How much value do you really place on your reputation?
Corporate reputation is classed by business leaders as one of their organisation’s primary assets. Therefore, you would think such a prized possession would be worth investing in and protecting, right?
Our 2020 Reputation Reality report shows that while more than 95% of senior executives highly prize their corporate reputation, and say it is an increasingly harder asset to manage, this is not matched by the actions being taken to protect it.
Your reputation is not what you think it is; it is how others perceive you.
Therefore, as an organisation what you say and how you act need to be tightly aligned and believable. Actions should match words, and above all, both should be authentic.
This all comes into sharp focus when a crisis turns the spotlight onto your organisation.
With integrity, quality of products and services plus relationships being the three most important drivers of reputation; it is not surprising that the triggers that undermine an organisation’s reputation are customer dissatisfaction, regulation impost, company culture and security of personal data.
It is also concerning that there is a distinct lack of confidence by senior executives and directors in their organisation’s ability to proactively manage the organisation’s reputation during a crisis. Only 39% of New Zealand organisations and 36% of Australian organisations strongly agree that their organisation is proactive in protecting its reputation.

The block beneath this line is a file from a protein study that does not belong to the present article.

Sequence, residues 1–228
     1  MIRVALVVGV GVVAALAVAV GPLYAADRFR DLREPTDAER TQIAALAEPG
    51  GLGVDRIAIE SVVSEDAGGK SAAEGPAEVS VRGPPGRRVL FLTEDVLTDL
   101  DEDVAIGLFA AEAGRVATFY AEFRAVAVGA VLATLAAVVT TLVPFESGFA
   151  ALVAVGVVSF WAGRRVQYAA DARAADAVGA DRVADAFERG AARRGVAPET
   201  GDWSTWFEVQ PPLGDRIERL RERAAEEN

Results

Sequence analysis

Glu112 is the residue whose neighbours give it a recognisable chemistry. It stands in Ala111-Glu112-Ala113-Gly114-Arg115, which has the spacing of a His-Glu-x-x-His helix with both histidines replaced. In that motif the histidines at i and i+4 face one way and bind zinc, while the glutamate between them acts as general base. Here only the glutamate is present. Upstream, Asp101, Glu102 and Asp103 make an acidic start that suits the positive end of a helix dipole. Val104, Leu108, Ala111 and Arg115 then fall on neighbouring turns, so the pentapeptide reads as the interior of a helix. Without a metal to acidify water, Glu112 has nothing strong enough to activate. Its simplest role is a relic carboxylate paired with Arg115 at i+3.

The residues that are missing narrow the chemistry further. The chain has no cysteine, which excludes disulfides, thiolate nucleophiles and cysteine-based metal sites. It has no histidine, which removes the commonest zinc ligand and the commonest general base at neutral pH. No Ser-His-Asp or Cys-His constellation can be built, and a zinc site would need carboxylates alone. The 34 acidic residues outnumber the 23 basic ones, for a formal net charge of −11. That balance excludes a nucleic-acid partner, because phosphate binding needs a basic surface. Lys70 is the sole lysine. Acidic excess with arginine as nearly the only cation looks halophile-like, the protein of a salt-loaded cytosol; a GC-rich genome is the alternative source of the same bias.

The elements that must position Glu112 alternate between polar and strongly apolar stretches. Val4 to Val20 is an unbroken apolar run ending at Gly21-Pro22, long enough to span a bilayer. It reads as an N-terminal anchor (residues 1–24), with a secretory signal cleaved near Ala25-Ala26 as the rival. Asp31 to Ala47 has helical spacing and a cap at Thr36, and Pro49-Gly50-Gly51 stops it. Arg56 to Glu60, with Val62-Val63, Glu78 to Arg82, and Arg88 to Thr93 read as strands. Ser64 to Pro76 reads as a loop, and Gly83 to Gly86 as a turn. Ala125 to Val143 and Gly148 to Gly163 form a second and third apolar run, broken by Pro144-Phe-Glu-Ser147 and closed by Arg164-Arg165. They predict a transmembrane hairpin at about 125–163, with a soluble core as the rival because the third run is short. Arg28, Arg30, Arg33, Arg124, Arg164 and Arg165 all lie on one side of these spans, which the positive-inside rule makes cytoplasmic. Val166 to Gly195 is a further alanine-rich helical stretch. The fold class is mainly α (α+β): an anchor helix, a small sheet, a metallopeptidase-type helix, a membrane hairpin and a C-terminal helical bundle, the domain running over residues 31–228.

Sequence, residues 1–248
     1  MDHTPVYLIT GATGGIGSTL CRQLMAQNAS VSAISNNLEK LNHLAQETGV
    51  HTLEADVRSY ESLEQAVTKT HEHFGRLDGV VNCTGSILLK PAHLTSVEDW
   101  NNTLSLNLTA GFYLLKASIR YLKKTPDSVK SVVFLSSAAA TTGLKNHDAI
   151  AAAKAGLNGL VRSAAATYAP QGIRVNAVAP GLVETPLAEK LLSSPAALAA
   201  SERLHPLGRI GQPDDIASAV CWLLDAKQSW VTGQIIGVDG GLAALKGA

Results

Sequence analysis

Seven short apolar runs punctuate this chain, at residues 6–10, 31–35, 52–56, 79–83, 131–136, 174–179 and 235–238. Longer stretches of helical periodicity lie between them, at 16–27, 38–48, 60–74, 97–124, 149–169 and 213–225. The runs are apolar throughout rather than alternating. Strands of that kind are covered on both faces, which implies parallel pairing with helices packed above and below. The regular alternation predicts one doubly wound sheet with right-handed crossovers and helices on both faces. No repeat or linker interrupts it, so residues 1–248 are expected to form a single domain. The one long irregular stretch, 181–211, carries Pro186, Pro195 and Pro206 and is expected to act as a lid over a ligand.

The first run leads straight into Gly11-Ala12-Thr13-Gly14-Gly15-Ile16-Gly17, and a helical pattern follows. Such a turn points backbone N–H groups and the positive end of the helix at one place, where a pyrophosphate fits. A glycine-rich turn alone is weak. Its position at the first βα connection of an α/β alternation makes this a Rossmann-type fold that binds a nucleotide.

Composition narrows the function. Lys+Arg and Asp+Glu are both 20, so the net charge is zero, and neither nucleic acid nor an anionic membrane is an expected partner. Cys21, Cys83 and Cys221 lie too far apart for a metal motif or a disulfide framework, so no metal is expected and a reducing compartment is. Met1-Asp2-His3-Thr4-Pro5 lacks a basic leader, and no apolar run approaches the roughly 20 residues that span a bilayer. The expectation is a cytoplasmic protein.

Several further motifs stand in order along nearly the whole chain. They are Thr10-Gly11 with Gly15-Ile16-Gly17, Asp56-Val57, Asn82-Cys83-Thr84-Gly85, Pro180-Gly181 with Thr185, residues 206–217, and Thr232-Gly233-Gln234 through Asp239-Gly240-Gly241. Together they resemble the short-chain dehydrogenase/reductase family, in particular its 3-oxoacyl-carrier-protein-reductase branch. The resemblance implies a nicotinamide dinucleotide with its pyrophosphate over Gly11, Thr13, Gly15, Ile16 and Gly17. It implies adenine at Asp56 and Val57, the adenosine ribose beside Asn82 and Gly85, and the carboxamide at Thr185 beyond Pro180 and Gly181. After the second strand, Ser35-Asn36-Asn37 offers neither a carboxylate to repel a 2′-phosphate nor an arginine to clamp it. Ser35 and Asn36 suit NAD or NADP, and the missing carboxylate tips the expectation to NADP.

The best way to mitigate reputational risk is to be prepared, to do what you say you will, and to do it consistently.
Another major concern is how few organisations are testing their crisis-plan once a year, if at all. No matter how beautifully crafted a crisis communication plan is, unless it is regularly stress tested and kept current, and unless your people know their roles and are confident in their ability to deliver on them, it will certainly not be fit for purpose on the day you really need it.
Out of the organisations which do have a crisis communication plan (50% in Australia and 69% in New Zealand), only 18% of Australian entities and 26% of New Zealand entities tested it annually.
By not setting aside time and budget to invest in building people’s capability and developing risk mitigation processes, organisations are most certainly putting their much prized reputation at further risk than it already is.
It’s your choice really. Invest and prepare; or sit back and prepare to fail.